TW Viewpoint | High Society: Does Legalizing Marijuana Reduce Crime?

May 31, 2017 | Stuart Wachowicz

Many today are calling for and promoting the legalization of marijuana. One of their salient arguments is that legalization will be a blow against organized crime. Is this really the case?


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As presented on an earlier Viewpoint, entitled "High Society", the vast weight of medical opinion, even as articulated on the Government of Canada website, and by the Canadian Medical Association, is that marijuana is a dangerous drug, with a host of serious, lasting and in some cases debilitation side effects, which should not be legalized for social use.

So why is it, against general medical opinion, that governments propose legislation to legalize a dangerous drug?

A key argument used by proponents is the assumption that legalizing pot will undermine a key source of income for organized crime. The position is put forward that legalization would reduce contact of users with the criminal element and hence lessen the likelihood of contact with more serious drugs.

While it is obvious that removal of the criminal status for marijuana would cause a drop in the crime rate, it does not follow that the illegal drug trade would be significantly harmed.

Even while enforcement of marijuana laws is relaxed, and the drug can still be accessed from storefront operations, the use of other drugs has not declined.

According to a University of Ottawa study, marijuana is used by at least 2.3 million Canadians. Nearly a quarter million of these users are between the ages of 12 to 17 years old.

Yet despite easier availability and decreased risk of prosecution, the consumption of even more damaging drugs is increasing.

Most empirical research shows that marijuana is a gateway drug to more serious drugs. Whether it is legal or not, organized crime will benefit from growing marijuana use.

Dr. Robert Dupont, first director of the National Institute on Drug Abuse makes the following observation in the New York Times:

"... people who use marijuana also consume more, not less, legal and illegal drugs than do people who do not use marijuana."

He goes on to say: "Legalizing marijuana will have lasting negative effects on future generations. The currently legal drugs, alcohol and tobacco, are two of the leading causes of preventable illness and death in the country. Establishing marijuana as a third legal drug will increase the national drug abuse problem, including expanding the opioid epidemic."

I recently received a letter that tells the tragic story of the impact of marijuana. Mr. Kenneth Williams, a 39 year old, wrote: "I was what you would call a third generation marijuana smoker. I was born into it...my first breath taken in this world wasn't a lung full of fresh air, but weed smoke!...I could not learn reading, writing and arithmetic at an appropriate pace with others my age."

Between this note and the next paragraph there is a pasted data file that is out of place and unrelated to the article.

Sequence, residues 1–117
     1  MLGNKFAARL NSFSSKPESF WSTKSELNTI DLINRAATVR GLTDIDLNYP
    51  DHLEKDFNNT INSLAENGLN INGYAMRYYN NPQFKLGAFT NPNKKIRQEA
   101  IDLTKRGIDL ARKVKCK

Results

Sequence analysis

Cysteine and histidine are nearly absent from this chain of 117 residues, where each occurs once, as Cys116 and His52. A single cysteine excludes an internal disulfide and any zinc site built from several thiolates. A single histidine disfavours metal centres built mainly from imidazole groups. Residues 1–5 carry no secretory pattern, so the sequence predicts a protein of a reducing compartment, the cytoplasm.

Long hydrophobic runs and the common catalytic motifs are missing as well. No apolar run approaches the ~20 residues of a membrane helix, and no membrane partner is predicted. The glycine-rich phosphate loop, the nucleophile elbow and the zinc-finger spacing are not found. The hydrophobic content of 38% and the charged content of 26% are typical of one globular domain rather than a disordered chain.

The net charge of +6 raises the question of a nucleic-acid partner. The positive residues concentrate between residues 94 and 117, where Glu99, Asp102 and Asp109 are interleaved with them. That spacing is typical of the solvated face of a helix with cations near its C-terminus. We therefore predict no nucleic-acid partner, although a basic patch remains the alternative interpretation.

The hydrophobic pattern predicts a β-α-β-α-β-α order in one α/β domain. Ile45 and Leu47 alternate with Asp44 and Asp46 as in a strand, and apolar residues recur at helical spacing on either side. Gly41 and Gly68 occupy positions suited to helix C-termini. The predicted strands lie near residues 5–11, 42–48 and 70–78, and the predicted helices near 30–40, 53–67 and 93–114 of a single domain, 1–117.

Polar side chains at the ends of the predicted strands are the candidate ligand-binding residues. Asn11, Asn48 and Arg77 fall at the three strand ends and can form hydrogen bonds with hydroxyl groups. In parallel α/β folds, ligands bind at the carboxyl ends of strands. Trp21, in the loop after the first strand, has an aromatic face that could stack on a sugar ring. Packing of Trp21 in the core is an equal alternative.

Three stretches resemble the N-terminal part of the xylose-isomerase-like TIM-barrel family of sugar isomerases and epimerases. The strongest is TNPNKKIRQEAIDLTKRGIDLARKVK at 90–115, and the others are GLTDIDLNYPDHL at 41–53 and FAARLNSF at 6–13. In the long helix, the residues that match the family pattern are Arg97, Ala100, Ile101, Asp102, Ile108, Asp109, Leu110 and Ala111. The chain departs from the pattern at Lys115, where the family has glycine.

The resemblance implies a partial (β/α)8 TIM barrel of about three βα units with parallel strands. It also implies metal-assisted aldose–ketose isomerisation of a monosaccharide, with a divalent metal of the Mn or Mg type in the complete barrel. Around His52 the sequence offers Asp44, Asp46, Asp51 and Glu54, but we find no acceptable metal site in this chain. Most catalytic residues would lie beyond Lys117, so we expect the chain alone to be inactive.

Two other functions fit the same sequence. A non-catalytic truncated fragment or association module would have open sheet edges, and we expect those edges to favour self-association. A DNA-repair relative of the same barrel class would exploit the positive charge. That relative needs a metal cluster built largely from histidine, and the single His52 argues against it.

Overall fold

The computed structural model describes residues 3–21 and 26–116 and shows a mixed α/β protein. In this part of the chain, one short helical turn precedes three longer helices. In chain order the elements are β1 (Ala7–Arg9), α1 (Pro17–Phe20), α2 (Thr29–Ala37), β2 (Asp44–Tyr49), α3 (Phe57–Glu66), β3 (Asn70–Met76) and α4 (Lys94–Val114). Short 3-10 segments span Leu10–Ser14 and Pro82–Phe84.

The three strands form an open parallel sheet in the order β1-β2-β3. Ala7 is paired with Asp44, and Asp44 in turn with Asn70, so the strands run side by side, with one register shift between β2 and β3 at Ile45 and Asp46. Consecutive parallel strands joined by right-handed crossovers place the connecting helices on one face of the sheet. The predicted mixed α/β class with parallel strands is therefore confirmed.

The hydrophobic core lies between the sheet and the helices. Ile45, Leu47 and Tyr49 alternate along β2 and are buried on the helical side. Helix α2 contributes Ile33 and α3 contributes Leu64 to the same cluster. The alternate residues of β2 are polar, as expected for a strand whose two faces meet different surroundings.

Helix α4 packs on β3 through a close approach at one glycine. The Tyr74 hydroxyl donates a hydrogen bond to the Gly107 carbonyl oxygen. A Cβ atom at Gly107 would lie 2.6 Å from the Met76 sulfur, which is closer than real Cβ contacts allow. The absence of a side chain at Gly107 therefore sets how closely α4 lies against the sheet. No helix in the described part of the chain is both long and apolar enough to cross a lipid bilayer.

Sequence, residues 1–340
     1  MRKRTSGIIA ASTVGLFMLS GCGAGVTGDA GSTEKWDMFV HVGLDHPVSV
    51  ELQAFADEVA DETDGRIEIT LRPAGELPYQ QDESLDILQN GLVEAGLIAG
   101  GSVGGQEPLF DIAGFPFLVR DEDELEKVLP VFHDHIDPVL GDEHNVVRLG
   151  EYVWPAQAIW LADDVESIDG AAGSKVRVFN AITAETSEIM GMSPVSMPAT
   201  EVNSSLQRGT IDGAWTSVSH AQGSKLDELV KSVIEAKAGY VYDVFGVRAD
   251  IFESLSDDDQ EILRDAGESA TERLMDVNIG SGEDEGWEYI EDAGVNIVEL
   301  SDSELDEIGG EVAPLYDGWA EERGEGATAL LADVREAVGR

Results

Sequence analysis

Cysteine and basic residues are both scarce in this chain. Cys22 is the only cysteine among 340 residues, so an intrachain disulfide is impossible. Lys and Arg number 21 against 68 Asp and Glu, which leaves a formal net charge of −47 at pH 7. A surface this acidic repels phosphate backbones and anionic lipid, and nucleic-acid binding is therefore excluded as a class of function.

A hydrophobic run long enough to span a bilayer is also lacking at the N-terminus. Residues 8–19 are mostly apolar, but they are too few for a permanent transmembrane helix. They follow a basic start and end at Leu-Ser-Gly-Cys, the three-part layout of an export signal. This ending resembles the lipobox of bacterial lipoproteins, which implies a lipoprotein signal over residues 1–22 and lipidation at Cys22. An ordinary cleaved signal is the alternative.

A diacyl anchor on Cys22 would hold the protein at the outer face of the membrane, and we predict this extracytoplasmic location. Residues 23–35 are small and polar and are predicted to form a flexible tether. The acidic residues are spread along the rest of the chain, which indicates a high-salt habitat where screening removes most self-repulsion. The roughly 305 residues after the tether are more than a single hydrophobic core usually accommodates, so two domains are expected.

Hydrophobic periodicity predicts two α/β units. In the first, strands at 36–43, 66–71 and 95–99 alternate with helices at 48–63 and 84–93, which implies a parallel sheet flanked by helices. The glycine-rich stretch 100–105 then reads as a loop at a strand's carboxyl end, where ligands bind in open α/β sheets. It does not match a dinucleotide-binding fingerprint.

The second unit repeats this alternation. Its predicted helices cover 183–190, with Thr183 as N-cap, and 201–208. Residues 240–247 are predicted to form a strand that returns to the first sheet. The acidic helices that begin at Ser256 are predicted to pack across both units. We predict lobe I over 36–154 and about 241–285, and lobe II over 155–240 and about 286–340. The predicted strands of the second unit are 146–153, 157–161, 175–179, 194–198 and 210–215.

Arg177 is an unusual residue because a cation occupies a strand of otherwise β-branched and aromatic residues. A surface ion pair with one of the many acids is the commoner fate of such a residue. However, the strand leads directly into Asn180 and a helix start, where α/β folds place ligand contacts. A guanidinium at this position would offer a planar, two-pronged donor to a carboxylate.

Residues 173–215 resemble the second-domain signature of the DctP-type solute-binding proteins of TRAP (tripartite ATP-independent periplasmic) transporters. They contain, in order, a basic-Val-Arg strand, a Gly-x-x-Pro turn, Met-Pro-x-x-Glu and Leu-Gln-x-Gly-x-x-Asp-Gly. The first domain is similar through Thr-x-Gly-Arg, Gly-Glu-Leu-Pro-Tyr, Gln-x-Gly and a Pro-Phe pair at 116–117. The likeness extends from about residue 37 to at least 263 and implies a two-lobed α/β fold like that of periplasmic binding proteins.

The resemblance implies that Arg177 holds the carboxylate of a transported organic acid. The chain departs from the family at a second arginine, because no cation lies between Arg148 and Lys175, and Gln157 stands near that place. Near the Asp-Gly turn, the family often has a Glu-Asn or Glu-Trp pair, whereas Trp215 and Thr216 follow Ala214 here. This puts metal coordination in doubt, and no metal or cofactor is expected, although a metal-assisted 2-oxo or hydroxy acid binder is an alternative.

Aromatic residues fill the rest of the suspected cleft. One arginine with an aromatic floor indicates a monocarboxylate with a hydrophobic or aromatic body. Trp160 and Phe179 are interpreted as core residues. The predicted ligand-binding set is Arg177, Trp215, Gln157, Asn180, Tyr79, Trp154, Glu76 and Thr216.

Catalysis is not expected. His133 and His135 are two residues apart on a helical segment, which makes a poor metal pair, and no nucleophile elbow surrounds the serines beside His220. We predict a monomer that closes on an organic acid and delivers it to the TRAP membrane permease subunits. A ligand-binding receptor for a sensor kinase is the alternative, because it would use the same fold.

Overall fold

He indicates that marijuana drew him into a crowd that used "weed" and other drugs. While under the influence of pot he began committing crimes, as the drug is found to reduce one's sense of consequence. By the age of 21 he found himself on death row in an Arkansas prison, convicted of multiple murders, committed under the influence of the "harmless" drug-marijuana.

Today, Mr. Williams, has come to terms with his situation, and now seeks to warn others who have been, or may be, deceived by the lie that marijuana is a harmless substance. He has even written a book that will serve as a warning on this matter. (The Unrelenting Burdens of Gang Bangers) He writes:

" I share my story to warn others walking into darkness. Drugs like marijuana have led many to their deaths or a cold prison cell. It is harmful to users and to the nation. I am a living witness - at least for the time being... "

Mr. William's story bears out warnings provided by the CMA and even by the Government of Canada website.

Research and common sense demonstrate that legalization of marijuana will increase, not decrease, violent drug crime and the results of drug abuse. Legalizing ways to escape reality only result in a weaker and more violent society, where the only hope seems to be getting high.

There is hope however. Click here to discover the productive, drug-free future of Tomorrow's World

I am Stuart Wachowicz for Tomorrow's World Viewpoint.

View part 1 of this series, High Society: The Legalization of Marijuana

To access articles, telecasts and booklets from Tomorrow's World visit our website TWCanada.org.

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